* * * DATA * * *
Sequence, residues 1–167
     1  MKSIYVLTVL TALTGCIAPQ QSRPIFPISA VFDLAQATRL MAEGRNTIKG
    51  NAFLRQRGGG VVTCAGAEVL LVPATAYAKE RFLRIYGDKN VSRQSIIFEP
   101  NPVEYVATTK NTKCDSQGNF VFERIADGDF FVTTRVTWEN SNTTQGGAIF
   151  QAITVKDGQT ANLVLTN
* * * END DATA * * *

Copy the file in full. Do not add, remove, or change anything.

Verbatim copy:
Sequence, residues 1–167
     1  MKSIYVLTVL TALTGCIAPQ QSRPIFPISA VFDLAQATRL MAEGRNTIKG
    51  NAFLRQRGGG VVTCAGAEVL LVPATAYAKE RFLRIYGDKN VSRQSIIFEP
   101  NPVEYVATTK NTKCDSQGNF VFERIADGDF FVTTRVTWEN SNTTQGGAIF
   151  QAITVKDGQT ANLVLTN